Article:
For an incredibly striking effect, try this easy Japanese indoor planting style
I’m a total sucker for a social media gardening trend, but there’s one that upsets me: kokedama. You’ll have seen them, those floating orbs of plant roots wrapped in moss, suspended from ceilings by fishing wire. While they look great as installations at flower shows and in Instagram feeds, in real life they are totally impractical for all but the most dedicated gardener. However, there is a simple tweak that can be done to this traditional Japanese planting style that can turn it from one of the hardest ways to grow plants to something far more manageable, and here’s how to do it.
Traditional kokedama involves taking a plant out of its pot and wrapping the root ball in a clay substrate and some moss. What this means is that the plants no longer have a plastic or ceramic casing sealing in moisture around their roots, and as a result dry out exceptionally quickly. Once you hang them up, particularly in a sunny spot which the plants will require for photosynthesis, the rate of moisture loss will mean you need to water your specimens once or even twice a day just to prevent total desiccation. As irrigating means taking them down and hanging them up again – they will be dripping dirty water all over your floor once they are back up – this system is doomed to fail for anyone but a Japanese master.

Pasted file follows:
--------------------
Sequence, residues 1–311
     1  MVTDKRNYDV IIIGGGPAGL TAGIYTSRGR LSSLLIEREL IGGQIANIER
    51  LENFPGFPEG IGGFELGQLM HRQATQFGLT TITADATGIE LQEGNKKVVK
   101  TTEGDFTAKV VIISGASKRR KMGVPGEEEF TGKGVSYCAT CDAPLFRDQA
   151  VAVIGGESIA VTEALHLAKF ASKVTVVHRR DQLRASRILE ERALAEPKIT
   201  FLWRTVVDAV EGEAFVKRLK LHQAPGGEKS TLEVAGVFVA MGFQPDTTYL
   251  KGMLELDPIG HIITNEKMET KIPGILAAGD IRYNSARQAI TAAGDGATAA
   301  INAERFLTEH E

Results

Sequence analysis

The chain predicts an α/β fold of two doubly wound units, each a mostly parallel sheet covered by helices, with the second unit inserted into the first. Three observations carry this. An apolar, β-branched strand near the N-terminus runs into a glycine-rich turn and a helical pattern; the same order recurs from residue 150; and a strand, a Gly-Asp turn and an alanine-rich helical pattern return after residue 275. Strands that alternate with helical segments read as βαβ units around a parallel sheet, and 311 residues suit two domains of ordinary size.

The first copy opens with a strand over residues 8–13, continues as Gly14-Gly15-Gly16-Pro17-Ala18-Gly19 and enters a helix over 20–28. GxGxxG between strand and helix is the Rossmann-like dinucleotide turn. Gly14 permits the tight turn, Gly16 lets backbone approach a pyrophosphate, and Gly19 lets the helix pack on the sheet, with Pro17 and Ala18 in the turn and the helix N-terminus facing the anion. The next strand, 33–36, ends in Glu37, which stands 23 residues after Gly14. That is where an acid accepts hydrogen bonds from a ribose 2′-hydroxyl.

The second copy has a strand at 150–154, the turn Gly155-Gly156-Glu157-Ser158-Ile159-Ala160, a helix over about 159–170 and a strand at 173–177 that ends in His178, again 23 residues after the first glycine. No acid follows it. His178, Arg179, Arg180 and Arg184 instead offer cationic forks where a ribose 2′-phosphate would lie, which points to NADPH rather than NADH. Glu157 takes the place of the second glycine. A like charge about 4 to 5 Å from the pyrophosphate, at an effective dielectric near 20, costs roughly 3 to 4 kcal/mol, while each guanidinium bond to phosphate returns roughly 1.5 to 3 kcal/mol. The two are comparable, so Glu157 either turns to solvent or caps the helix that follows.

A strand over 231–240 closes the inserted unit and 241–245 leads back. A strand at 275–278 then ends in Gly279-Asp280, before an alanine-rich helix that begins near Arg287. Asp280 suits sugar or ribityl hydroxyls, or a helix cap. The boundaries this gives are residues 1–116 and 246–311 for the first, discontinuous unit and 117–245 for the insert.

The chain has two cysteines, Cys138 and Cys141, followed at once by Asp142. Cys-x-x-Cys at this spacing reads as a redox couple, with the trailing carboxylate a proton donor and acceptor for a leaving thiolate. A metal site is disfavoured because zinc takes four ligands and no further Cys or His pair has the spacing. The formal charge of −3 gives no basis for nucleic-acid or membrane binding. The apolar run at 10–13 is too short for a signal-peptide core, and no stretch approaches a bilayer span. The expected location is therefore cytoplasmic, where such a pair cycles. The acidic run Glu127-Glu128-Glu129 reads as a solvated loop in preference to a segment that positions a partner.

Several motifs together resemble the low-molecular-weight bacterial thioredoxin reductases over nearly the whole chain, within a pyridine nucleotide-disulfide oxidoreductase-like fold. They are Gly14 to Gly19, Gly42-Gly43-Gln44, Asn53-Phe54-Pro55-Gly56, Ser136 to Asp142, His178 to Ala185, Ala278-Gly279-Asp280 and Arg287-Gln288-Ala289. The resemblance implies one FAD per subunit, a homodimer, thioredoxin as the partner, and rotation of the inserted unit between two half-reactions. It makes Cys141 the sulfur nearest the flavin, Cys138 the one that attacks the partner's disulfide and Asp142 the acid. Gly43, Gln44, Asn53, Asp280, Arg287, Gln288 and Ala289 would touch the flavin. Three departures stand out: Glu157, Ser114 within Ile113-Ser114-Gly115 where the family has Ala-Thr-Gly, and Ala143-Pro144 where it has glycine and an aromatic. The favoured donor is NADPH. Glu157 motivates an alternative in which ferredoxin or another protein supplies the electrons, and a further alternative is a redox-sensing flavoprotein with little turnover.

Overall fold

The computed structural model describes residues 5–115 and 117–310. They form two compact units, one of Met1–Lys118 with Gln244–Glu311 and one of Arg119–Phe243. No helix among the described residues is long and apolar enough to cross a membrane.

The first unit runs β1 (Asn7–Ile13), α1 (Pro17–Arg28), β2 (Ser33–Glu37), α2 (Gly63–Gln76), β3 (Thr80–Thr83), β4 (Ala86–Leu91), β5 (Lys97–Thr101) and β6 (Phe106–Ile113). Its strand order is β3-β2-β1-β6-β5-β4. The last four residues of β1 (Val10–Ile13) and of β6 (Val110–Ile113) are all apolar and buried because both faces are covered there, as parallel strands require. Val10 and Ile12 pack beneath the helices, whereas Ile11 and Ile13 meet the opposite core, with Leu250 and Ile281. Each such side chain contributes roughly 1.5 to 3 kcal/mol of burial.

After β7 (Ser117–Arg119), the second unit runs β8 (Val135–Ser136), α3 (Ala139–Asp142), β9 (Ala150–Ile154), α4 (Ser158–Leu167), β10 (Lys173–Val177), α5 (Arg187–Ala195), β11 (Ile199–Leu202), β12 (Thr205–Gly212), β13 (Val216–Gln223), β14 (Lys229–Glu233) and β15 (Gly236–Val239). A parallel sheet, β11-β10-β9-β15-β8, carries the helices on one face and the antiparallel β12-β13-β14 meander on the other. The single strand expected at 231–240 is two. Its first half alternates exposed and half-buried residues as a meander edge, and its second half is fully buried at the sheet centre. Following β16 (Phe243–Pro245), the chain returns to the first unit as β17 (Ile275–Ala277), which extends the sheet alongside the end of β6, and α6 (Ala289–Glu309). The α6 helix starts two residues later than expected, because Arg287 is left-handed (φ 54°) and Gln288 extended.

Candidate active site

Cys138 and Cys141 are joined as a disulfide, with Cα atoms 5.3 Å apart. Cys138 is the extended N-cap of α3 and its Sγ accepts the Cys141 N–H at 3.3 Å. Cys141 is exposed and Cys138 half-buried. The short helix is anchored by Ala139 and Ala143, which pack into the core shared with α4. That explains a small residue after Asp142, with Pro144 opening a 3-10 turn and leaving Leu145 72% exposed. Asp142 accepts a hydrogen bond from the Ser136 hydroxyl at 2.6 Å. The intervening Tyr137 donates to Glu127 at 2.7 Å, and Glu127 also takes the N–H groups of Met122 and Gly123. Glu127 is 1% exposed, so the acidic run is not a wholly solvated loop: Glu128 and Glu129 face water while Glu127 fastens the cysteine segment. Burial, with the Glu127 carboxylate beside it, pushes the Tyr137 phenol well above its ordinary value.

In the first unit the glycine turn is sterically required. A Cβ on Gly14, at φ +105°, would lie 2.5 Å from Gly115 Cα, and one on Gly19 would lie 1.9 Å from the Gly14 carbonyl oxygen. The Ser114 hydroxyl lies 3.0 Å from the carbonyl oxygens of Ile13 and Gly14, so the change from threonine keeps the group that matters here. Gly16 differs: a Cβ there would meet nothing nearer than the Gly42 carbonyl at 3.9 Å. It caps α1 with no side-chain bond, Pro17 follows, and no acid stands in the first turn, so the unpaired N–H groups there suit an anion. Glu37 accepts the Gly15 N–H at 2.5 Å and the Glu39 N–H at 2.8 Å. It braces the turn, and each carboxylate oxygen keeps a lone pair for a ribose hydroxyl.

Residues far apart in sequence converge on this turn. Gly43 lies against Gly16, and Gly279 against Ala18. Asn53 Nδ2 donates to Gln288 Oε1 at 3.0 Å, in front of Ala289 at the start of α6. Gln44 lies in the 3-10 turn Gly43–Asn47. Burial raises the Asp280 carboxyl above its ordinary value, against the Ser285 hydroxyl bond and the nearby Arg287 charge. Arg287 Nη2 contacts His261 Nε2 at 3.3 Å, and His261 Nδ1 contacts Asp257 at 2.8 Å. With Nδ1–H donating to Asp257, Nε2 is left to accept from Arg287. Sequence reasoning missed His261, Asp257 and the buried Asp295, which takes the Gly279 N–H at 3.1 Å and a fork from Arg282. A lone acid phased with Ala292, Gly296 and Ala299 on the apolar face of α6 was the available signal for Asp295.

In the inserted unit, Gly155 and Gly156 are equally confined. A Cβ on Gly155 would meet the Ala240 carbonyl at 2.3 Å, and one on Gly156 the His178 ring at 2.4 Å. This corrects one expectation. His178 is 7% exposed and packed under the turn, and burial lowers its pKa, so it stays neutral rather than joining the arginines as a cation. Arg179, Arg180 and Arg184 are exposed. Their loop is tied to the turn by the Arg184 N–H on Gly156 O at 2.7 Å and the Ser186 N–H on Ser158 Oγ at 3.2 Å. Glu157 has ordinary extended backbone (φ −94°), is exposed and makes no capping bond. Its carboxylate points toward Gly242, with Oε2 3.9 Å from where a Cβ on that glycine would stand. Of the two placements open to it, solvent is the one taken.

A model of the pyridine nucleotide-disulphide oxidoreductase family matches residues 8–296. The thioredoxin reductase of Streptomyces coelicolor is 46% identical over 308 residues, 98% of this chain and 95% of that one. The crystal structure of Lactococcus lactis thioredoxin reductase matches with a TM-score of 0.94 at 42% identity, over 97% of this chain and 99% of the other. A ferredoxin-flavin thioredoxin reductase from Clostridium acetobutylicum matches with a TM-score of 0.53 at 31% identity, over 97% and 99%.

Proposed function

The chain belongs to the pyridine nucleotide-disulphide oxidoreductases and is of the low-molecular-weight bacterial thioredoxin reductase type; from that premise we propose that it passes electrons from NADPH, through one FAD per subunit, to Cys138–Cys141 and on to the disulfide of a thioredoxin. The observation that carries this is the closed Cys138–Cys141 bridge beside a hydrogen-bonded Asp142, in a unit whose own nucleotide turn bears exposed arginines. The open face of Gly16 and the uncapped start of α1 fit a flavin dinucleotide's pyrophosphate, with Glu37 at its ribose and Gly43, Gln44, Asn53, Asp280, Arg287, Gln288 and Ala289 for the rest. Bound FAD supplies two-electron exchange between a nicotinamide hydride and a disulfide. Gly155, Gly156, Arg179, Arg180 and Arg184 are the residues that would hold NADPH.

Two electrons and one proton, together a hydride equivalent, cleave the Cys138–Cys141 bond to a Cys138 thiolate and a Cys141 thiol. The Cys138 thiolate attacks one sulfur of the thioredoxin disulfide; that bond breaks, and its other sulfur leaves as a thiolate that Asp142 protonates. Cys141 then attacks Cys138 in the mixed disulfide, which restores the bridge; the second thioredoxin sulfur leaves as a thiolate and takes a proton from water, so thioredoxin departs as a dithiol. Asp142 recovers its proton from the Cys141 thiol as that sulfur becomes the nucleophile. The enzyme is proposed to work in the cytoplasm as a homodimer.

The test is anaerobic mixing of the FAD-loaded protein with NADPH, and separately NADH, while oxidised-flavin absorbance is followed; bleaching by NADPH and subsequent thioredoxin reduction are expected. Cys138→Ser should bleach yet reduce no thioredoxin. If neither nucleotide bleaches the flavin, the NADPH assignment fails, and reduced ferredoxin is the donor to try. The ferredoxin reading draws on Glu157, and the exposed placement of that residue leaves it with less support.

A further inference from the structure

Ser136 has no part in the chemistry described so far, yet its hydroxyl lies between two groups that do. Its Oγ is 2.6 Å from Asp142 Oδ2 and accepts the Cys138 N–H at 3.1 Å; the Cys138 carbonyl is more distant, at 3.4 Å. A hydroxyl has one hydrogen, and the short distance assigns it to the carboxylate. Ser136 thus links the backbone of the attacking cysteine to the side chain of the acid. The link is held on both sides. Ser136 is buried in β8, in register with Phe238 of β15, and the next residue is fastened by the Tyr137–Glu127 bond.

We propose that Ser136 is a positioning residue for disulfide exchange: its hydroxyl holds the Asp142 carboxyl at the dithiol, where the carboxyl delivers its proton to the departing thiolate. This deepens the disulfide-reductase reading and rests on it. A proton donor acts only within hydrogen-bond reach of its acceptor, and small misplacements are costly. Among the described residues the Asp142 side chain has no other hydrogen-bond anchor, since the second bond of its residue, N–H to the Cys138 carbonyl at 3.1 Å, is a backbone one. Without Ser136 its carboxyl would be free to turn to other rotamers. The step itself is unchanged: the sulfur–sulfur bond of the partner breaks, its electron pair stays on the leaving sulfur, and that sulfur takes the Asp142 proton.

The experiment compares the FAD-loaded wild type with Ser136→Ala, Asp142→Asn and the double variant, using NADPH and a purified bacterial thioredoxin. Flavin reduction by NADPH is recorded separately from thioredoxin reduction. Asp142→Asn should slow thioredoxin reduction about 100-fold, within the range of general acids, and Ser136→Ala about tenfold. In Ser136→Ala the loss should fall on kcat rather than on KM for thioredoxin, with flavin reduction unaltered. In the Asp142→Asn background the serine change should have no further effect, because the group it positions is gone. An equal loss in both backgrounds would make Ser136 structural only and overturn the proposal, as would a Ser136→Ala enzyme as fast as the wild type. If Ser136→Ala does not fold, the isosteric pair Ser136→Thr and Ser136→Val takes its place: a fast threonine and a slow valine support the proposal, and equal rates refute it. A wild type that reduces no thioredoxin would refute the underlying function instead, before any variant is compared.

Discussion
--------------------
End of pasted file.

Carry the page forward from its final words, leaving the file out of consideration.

Traditional kokedama is doomed to fail for anyone but a Japanese master